Tuesday, September 8, 2020

333. MACBETH. From my (unpublished) ENCYCLOPEDIA OF THE NEW YORK STAGE, 1970-1975


Lynn Milgrim, David H. Leary.

MACBETH [Dramatic Revival] A: William Shakespeare; D: Dino DeFillippi; S/C: David Chapman; L: Richard Nelson; P: Cora Gay Carr and Jerry Schlossberg; T: Mercer-O’Casey Theatre (OB): 1/4/71-5/9/71 (132)

This negatively reviewed revival of the Scottish tragedy was originally to have starred married couple Geraldine Page and Rip Torn, but when they left prior to the opening, young unknowns David H. Leary and Lynn Milgrim took their roles. Neither became stars although both maintained careers as actors. In director Dino DeFillippi’s strongly individualistic interpretation, Macbeth was both a participant in the action and an external observer, seated on an upstage throne directing the actors to follow his dictates. The participating Macbeth was played by a second actor (uncredited). Shakespeare’s text was mutilated to fit it into a two-hour show, and numerous light and sound cues turned the performance into a nightmarish vision of the murderer’s hellish existence.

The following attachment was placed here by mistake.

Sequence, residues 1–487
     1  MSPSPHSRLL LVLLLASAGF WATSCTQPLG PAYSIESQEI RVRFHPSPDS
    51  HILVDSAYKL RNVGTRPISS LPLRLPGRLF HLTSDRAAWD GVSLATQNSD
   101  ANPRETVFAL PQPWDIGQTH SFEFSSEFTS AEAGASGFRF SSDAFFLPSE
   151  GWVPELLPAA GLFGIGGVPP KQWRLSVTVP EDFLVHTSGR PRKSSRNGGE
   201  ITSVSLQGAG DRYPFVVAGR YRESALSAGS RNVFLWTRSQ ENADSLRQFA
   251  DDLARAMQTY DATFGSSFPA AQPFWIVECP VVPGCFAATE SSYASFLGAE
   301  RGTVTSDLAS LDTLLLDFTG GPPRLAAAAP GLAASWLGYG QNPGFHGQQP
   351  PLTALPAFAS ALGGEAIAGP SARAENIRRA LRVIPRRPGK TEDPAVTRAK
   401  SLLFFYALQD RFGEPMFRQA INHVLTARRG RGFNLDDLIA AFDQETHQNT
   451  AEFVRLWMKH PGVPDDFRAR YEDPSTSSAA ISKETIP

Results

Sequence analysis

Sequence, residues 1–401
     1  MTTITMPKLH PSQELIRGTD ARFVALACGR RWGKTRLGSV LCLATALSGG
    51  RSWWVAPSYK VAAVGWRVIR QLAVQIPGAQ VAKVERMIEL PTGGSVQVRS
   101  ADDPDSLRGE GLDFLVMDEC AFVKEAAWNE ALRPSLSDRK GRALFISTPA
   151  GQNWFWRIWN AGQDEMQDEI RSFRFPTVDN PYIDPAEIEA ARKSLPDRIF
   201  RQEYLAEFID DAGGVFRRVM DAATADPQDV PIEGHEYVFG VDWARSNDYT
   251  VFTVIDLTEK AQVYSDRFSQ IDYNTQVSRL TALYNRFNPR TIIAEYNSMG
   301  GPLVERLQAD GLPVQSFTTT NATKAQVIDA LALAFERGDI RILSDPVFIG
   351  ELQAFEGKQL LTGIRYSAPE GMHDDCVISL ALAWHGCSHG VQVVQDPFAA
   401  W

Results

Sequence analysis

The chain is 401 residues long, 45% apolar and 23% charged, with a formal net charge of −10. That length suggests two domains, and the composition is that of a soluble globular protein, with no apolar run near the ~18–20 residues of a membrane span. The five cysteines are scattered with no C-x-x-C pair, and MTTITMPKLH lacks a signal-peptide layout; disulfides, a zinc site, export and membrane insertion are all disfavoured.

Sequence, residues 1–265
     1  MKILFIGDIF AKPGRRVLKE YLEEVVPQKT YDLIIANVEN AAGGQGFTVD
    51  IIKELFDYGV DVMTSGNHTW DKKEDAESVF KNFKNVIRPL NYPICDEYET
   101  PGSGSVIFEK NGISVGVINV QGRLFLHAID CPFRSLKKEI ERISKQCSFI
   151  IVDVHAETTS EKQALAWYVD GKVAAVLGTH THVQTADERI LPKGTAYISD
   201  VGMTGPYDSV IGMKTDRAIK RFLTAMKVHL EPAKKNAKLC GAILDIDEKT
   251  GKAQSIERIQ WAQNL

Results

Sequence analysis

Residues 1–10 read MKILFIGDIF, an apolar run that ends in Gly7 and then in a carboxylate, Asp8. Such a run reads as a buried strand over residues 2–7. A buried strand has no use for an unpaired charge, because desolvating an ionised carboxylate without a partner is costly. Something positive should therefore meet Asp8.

Unrelievedly glum, introspective, “deadly literal, explicit, and witless,” to use Edith Oliver’s words, the drama stirred few critical plaudits. “Shakespeare’s heroes are men in the eye of the tempest,” commented Clive Barnes, “not neurotics contemplating with some inner eye the . . . landscapes of their minds.” Dick Brukenfeld jibed at the men’s black “Courreges-type jumpsuits . . . with bits of net to indicate armor.” These costumes, he felt, were fine for disco dancing but out of line in Macbeth.

Although the production had a surprisingly long run for something so critically panned, the name Dino DeFillippi seems never to have graced a New York theatre program again.